Nearly everyone knows that salmon is good food. High in omega-3, heart-friendly acids, protein and antioxidants, is it among the world’s healthiest fish products. It is, however, also one of the most confusing purchases ever to be made.
Not all salmon is created equally, at least not since humanity developed a proclivity to mass produce food in the same manner as cheap toys in cereal boxes. This is good for neither man nor salmon. Since the discovery and promotion of salmon’s many health benefits, consumer demand has skyrocketed and consequently depleted the supply of the finest salmon, the wild-caught. Salmon living as nature intended, on their own, catching their own wild-caught suppers, are significantly less inclined to carry pollution in their flesh than those raised in penned farms. Farm-raised salmon, now predominant on the market, are routinely fed a diet high in dioxin and PCBs, toxins of particular risk to women of child-bearing years, although no one is exempt from the health implications.
All this can be pretty disheartening and worrisome to the health-conscious consumer, but if we are willing to take note of a number of savvy pointers, there is no reason why we can’t have our salmon and eat it, too.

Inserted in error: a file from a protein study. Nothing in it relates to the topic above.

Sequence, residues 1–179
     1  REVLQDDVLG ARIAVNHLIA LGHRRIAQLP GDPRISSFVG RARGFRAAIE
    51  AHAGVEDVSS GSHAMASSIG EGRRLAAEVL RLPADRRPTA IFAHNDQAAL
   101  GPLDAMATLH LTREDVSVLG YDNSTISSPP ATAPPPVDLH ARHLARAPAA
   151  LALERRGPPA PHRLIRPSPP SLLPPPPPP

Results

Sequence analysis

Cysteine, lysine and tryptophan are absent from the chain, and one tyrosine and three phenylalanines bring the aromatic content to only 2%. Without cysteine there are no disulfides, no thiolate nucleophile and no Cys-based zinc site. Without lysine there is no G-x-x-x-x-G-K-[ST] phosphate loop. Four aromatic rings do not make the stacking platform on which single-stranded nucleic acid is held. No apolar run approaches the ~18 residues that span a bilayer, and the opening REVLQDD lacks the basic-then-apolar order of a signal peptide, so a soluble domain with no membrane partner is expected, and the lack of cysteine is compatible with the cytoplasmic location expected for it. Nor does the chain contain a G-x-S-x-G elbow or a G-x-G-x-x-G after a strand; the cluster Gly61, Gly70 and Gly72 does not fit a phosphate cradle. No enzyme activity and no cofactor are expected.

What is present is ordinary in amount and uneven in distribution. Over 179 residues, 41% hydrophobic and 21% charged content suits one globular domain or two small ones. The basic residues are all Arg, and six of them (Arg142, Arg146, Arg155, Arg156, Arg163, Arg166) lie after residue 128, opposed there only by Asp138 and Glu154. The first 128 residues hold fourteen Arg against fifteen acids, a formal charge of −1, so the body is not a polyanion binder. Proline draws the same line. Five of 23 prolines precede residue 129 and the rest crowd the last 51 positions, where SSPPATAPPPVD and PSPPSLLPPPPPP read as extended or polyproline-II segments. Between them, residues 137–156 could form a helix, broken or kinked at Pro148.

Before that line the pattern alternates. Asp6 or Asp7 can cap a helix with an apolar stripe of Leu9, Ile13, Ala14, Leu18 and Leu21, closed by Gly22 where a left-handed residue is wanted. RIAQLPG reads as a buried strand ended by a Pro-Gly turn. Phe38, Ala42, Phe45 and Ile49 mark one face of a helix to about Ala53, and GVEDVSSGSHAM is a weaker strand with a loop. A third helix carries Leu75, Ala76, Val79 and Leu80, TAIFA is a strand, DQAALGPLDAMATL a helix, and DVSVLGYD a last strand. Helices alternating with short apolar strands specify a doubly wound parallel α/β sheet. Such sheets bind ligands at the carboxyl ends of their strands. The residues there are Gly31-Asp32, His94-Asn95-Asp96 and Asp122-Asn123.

Pasta with Smoked Salmon - Adapted from About.com
1/2 pound angel hair or other thin, long pasta
1/4 pound smoked salmon, cut into short, thin strips (I purchased wild-caught at Whole Foods.)
1 large shallot, chopped
1 tablespoon butter*
1 tablespoon white wine
½ cup half and half*
1 tablespoon chopped fresh or dried parsley
Bring large pot of water to boil. In a large skillet, sauté chopped shallot in butter over low heat until translucent and tender. Add pasta to boiling water pot. While pasta is cooking to your desired tenderness, add salmon strips to the skillet, heating on continued low heat until salmon becomes pale. Add white wine and cook for ½ minute. Add half and half, stirring to heat through. Remove from heat.
Drain pasta and divide onto two plates, spooning sauce over pasta. Scatter lightly with parsley and black pepper.* You can virtually cut out all saturated fat by substituting olive oil for the butter, and non-fat half and half for the richer version.
Serves 2 --
This post is being submitted to Ruth of Once Upon a Feast, the creator of the weekly food blogging event, Presto Pasta Nights. Ruth posts a round-up of recipes from all over the world every Friday.